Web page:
Managing depression and hearing loss

If you have feelings of isolation and loneliness, of being cut off from the world around you or that no one understands you, you are not alone. Many feel the same way, but sometimes a hearing loss makes it all feel that much worse. It can affect the way you interact with others, how you work and study and can be very difficult to talk about. Depression as a side effect to hearing loss tends to go unacknowledged, undiagnosed and untreated. But once its recognised, it can be managed.

Knowing the signs

Imagine you’re a cup filled with emotions: happy, sad, angry and every other feeling you can think of. Depression picks you up and pours everything out, leaving you feeling empty and at a loss of what to do about it. Its very normal to feel frustrated and helpless at not being able to communicate your feelings to those around you.

While hearing loss can be easily diagnosed and treated at an early stage, depression can be harder to recognise. It’s different for each person and some signs are less obvious than others. Things to look out for can include, but aren’t limited to:

  • No appetite

  • Irregular sleeping pattern or increased fatigue

  • Being more prone to anger or crying

  • Lack of confidence

  • Becoming withdrawn, unable to be open with people

  • Loss of interest in activities/hobbies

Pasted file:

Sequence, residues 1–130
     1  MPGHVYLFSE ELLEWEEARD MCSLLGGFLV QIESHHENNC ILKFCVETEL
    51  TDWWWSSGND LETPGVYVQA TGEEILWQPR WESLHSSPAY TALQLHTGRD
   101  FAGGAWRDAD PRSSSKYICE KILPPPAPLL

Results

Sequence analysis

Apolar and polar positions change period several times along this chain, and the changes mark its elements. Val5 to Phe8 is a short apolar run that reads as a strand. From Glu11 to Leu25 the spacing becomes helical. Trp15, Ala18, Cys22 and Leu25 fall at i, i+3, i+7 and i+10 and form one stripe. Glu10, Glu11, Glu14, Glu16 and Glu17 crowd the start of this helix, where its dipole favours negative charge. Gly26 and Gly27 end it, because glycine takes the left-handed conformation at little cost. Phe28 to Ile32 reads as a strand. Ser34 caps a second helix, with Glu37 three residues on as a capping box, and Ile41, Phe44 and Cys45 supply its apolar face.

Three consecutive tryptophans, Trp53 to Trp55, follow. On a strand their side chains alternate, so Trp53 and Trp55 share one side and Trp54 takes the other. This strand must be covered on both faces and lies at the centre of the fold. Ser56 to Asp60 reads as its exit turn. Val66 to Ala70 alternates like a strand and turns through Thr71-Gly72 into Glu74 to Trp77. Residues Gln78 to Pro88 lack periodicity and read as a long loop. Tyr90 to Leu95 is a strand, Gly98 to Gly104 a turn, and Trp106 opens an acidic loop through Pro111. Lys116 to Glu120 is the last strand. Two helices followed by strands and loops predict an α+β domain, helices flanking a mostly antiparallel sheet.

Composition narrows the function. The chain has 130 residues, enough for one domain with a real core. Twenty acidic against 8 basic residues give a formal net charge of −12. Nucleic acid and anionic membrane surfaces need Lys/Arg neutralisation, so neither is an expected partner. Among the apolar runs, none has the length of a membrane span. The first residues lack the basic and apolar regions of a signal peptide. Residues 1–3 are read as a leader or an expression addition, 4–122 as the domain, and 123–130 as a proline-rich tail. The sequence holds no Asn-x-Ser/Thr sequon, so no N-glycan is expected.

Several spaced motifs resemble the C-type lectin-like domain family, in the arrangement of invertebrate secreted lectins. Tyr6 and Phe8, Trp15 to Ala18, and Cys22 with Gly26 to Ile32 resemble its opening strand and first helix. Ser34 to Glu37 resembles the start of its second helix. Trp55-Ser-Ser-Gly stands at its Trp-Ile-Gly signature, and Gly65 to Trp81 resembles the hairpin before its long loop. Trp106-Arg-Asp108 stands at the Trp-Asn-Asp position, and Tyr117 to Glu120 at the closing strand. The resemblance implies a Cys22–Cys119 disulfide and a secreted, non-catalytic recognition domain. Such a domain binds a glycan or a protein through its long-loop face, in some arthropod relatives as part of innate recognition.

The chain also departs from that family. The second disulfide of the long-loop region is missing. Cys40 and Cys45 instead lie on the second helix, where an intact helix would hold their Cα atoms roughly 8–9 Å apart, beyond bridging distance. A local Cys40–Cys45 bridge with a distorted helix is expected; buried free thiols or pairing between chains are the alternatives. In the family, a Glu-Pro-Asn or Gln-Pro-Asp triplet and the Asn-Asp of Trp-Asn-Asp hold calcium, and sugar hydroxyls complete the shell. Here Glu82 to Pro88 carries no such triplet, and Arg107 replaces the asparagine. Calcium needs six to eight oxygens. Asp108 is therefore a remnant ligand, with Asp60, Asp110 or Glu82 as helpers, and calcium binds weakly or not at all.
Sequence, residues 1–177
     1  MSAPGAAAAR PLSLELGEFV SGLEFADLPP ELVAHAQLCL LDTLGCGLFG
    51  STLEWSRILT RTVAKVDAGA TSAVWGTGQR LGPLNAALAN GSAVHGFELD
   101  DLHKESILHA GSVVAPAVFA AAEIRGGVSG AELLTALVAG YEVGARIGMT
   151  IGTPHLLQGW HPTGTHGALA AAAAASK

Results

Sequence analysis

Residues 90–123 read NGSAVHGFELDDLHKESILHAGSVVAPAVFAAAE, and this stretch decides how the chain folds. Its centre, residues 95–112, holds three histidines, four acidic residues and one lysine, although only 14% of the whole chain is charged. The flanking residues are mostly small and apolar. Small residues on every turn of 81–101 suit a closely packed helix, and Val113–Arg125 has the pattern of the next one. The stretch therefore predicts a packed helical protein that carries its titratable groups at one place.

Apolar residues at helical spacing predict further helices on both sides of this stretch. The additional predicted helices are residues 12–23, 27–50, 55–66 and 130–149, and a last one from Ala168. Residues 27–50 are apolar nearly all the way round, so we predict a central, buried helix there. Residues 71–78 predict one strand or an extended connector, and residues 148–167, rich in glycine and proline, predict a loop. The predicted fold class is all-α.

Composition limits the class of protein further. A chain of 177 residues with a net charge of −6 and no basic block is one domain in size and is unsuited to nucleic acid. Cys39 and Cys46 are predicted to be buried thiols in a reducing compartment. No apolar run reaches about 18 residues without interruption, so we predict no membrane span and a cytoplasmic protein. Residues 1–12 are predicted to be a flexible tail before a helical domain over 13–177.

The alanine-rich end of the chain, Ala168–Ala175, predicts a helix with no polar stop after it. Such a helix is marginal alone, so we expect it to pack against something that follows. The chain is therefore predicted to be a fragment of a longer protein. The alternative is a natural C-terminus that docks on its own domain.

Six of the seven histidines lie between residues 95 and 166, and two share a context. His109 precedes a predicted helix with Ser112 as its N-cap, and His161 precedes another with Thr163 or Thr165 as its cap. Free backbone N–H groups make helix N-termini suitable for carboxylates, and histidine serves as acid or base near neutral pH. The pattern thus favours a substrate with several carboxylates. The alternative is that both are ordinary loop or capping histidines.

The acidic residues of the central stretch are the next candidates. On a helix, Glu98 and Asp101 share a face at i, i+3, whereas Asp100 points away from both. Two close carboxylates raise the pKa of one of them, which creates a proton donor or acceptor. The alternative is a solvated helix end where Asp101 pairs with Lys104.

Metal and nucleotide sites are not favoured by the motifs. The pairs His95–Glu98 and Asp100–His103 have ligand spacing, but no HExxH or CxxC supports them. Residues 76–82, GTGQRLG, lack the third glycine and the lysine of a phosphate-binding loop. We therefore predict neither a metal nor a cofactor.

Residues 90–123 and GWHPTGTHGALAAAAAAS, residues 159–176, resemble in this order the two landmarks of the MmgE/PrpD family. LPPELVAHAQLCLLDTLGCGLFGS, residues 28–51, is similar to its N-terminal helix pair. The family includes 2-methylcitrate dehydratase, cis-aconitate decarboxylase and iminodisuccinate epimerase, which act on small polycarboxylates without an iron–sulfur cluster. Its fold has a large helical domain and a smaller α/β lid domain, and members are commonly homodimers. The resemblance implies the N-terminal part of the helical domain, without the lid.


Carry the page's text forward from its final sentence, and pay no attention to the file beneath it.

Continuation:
• Feelings of hopelessness and that things won’t get better

  • Concerns from family or friends over changes in behaviour

One-on-one interviews and psychological testing with a professional can help pinpoint depression, but the stigma of mental illness can make you reluctant to seek out this help. Sometimes the emotional shift is so gradual that it’s not until someone asks you if you’re okay that you can realise something might be wrong.

Strategies for managing it

It’s important is to recognise when your mood is taking a turn for the worse and how best to combat these feelings. There are many ways depression from hearing loss can be managed:

  • Support groups (online chat groups and in-person meet ups)

  • Talking to a professional such as a counsellor or psychologist

  • Medications

  • Reducing time around stressful activities or people

  • Writing down thoughts in a mood diary

  • Pursuing hobbies and activities that don’t require hearing (reading, drawing, going to an art gallery, going for a walk)

No single method works for everyone, some find medications to be effective while others prefer counselling. Just like hearing loss, depression is not about being healed, or to “un-break” yourself, but instead finding strategies that allow you to recognise signs early and learning effective ways of coping.

You are not alone

Having depression doesn’t mean suffering in silence. There are plenty of resources available to assist you. Asking for help and getting support means you can take control of your wellbeing and get back to feeling like yourself. We all feel like empty cups sometimes, it just about finding ways to fill back up.

If you’d like more information and resources on depression and hearing loss, we’re always happy to chat. Click here to get in touch.